Mindfulness approach can help police officers improve their problem-solving abilities and emotion regulation while also reducing organizational stress. Mindfulness training methods include decision-making under pressure, such as during counterinsurgency processes, and retaining self-awareness and emotion control during tough challenges with local populations.38 The exercises are designed to improve emotional resilience, attention control, and tolerance for difficult experiences. There is numerous advantages of mindfulness program, varying from reducing stress to effective decision-making that is evidence-based. Furthermore, it has the potential to reduce the number of officers suffering from mental illnesses and committing suicide, as well as to decrease burnout and improve well-being.39

In the United States, mindfulness training for police officers is aimed to promote coping skills to the acute and chronic stressors in police enforcement, as well as to support officers’ well-being. Mindfulness, emotions, stress, and scientific research on mindfulness are all covered in the program, as well as embodied practices such as meditation practice, mindful movement (including adapted yoga or qigong), meditation of thoughts and emotions, mindful listening and speaking, mindful eating, and sympathy practice. The findings revealed that after the intervention, police officers given rise to self-reported improvements in emotional turmoil, cognitive functioning, and sleep.40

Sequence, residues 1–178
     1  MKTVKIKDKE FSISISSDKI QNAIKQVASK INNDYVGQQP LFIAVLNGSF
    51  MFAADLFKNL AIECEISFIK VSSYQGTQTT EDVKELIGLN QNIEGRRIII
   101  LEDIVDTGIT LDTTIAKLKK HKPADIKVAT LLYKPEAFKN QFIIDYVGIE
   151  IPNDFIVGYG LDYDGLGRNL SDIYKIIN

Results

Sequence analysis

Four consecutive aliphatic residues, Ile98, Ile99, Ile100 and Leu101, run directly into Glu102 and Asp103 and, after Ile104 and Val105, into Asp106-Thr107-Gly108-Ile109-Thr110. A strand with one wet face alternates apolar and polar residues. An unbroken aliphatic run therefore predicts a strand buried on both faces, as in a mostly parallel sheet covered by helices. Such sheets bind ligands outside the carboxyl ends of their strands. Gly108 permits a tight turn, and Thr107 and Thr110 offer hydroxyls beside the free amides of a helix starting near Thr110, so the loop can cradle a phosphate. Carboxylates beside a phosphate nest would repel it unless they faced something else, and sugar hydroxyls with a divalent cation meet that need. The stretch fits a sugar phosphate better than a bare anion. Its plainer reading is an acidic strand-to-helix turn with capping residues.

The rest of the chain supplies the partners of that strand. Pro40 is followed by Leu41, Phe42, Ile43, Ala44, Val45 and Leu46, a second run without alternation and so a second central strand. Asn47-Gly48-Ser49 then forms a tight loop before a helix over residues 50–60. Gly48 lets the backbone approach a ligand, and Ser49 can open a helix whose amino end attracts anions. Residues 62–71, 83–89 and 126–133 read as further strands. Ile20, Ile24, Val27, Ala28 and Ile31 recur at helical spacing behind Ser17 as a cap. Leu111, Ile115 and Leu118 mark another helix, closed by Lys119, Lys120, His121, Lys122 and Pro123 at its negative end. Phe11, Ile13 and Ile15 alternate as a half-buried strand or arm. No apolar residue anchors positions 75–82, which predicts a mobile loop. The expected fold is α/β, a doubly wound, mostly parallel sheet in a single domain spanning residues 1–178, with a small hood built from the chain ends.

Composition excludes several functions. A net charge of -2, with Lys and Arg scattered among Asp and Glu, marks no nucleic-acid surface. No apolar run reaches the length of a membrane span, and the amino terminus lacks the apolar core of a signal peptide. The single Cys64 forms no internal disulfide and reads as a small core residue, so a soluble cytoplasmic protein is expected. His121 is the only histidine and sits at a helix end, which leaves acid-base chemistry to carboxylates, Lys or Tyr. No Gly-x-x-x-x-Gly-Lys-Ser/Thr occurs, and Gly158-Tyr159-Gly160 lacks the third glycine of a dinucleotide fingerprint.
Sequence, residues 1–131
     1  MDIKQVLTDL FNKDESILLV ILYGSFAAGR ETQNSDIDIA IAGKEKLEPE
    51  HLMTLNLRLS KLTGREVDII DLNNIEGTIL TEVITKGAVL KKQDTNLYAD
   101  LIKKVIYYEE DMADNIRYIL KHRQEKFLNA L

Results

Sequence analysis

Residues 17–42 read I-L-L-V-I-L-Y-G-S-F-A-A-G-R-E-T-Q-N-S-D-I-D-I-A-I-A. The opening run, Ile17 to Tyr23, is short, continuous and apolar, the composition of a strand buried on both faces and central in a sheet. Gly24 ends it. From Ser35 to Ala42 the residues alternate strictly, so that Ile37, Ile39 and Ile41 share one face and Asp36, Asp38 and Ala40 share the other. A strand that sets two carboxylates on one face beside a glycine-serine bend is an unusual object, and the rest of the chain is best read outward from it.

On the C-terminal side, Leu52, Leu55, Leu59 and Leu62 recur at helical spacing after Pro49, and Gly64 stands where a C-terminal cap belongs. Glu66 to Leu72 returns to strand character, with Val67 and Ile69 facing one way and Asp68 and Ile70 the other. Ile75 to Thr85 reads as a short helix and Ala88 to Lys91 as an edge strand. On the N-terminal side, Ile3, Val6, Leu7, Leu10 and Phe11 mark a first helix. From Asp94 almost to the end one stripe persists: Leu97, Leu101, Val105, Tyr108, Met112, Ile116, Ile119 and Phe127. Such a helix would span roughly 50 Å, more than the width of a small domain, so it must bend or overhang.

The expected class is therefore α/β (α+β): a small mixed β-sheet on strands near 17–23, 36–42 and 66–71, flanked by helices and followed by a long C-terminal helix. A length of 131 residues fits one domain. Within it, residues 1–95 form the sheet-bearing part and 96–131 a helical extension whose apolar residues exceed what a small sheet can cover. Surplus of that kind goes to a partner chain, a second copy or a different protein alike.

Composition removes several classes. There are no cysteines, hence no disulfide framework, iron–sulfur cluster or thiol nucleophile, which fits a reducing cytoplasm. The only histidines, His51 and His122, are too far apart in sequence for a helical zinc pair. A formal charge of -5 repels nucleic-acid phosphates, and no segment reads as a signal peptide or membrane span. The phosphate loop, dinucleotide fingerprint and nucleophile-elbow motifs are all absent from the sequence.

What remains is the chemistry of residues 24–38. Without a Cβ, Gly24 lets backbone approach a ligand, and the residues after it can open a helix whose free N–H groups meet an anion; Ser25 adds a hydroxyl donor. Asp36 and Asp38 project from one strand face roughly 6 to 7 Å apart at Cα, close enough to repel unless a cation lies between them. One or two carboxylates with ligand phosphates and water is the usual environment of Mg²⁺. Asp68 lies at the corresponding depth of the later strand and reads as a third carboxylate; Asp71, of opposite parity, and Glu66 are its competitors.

Conclusion and recommendations

Police officers are popularly viewed as a high-risk group for developing mental health disorders. The challenging and stressful nature of police duties has negative outcomes on mental health. However, the mental health promotion in police officers has not received the same level of attention. Regardless of that mental illnesses are frequently discovered; police officers appear to be hesitant to seek mental health care. Interventions that address the stigmas associated with poor mental health and help police officers understand the importance of seeking help could enable improve mental health.

Preventing officer mental problems necessitates a proactive and comprehensive method on mental and physical health. Mental health promotion requires the encouragement of mental health screening and long-term monitoring or intervention programs to promote the mental health and well-being of police officers. Mindfulness practices and stress management effectiveness are needed for police officers. Counseling services for officers who are depressed have also been recommended. It is critical to develop a regional mental health policy or guidance documents for peer mentoring in police organizations. Moreover, overall, the reviews indicated that any further intervention program should recognize the significance of police cultures. Understanding the organization and its structures is critical to ensuring that the program and prevention approaches engage obstacles to seeking assistance and involvement in opportunities to improve mental health and quality of life within the police officers.

Funding source

This research did not receive any specific grant from funding agencies in the public, commercial, or not-for-profit sectors.

Conflict of interest statement

The author declares that there is no conflict of interest.